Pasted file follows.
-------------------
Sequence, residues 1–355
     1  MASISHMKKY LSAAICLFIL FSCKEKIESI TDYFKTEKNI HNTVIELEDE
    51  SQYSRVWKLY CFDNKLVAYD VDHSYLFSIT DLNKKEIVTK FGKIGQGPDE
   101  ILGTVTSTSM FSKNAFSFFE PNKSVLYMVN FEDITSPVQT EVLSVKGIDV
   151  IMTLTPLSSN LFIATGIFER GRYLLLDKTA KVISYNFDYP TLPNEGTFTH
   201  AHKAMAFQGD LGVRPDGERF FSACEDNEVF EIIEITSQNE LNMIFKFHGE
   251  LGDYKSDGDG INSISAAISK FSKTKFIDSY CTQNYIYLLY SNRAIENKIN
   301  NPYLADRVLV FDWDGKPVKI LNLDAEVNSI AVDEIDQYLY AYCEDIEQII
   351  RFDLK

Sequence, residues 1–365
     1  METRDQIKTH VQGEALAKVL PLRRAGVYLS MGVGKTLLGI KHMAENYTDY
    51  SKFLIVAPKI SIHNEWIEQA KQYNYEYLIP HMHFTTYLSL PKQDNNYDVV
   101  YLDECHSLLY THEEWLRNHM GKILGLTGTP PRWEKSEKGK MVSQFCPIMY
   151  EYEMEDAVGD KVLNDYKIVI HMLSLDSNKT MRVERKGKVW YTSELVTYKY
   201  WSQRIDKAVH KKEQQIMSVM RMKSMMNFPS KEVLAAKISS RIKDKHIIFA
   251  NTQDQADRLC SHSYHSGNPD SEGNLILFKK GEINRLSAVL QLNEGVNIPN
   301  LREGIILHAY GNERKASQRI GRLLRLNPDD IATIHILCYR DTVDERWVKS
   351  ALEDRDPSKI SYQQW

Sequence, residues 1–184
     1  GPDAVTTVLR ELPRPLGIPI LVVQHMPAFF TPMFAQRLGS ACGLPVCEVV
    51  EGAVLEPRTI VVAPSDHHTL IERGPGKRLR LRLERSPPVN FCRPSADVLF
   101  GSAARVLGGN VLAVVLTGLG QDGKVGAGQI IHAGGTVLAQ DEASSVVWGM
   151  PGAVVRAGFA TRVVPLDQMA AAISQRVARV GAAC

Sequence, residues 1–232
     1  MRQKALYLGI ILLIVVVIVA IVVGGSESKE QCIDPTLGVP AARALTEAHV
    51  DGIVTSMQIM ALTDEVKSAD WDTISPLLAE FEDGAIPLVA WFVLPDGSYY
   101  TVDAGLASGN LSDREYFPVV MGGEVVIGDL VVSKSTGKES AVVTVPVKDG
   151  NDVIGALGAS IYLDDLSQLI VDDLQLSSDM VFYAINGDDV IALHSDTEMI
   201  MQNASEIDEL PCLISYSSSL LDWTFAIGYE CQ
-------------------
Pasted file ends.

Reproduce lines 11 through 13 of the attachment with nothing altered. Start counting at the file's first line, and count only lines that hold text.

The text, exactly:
     1  METRDQIKTH VQGEALAKVL PLRRAGVYLS MGVGKTLLGI KHMAENYTDY
    51  SKFLIVAPKI SIHNEWIEQA KQYNYEYLIP HMHFTTYLSL PKQDNNYDVV
   101  YLDECHSLLY THEEWLRNHM GKILGLTGTP PRWEKSEKGK MVSQFCPIMY